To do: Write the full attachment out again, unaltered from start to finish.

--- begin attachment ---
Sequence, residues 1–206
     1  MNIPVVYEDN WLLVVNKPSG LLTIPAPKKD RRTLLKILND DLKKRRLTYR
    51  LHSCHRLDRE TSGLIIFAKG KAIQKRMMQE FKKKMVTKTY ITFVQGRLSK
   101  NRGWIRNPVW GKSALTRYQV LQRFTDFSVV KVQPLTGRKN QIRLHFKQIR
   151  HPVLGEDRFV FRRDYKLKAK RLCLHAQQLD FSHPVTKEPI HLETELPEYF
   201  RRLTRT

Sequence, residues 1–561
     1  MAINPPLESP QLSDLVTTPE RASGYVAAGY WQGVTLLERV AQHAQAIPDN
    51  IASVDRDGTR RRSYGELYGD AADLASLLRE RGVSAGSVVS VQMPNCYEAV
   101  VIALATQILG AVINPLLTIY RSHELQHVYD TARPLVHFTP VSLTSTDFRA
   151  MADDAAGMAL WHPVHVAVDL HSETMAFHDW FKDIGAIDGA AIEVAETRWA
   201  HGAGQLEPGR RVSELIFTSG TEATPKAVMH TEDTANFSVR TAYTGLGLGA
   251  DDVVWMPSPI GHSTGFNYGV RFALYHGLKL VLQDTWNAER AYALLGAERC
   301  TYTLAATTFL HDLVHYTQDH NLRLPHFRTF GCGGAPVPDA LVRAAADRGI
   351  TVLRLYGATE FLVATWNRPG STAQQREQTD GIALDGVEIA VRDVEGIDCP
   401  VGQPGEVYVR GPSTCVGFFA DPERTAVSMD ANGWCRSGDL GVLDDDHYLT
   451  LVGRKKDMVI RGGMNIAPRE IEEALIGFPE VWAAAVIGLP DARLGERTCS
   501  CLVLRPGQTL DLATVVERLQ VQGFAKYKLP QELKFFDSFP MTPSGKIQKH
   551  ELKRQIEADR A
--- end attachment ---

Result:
Sequence, residues 1–206
     1  MNIPVVYEDN WLLVVNKPSG LLTIPAPKKD RRTLLKILND DLKKRRLTYR
    51  LHSCHRLDRE TSGLIIFAKG KAIQKRMMQE FKKKMVTKTY ITFVQGRLSK
   101  NRGWIRNPVW GKSALTRYQV LQRFTDFSVV KVQPLTGRKN QIRLHFKQIR
   151  HPVLGEDRFV FRRDYKLKAK RLCLHAQQLD FSHPVTKEPI HLETELPEYF
   201  RRLTRT

Sequence, residues 1–561
     1  MAINPPLESP QLSDLVTTPE RASGYVAAGY WQGVTLLERV AQHAQAIPDN
    51  IASVDRDGTR RRSYGELYGD AADLASLLRE RGVSAGSVVS VQMPNCYEAV
   101  VIALATQILG AVINPLLTIY RSHELQHVYD TARPLVHFTP VSLTSTDFRA
   151  MADDAAGMAL WHPVHVAVDL HSETMAFHDW FKDIGAIDGA AIEVAETRWA
   201  HGAGQLEPGR RVSELIFTSG TEATPKAVMH TEDTANFSVR TAYTGLGLGA
   251  DDVVWMPSPI GHSTGFNYGV RFALYHGLKL VLQDTWNAER AYALLGAERC
   301  TYTLAATTFL HDLVHYTQDH NLRLPHFRTF GCGGAPVPDA LVRAAADRGI
   351  TVLRLYGATE FLVATWNRPG STAQQREQTD GIALDGVEIA VRDVEGIDCP
   401  VGQPGEVYVR GPSTCVGFFA DPERTAVSMD ANGWCRSGDL GVLDDDHYLT
   451  LVGRKKDMVI RGGMNIAPRE IEEALIGFPE VWAAAVIGLP DARLGERTCS
   501  CLVLRPGQTL DLATVVERLQ VQGFAKYKLP QELKFFDSFP MTPSGKIQKH
   551  ELKRQIEADR A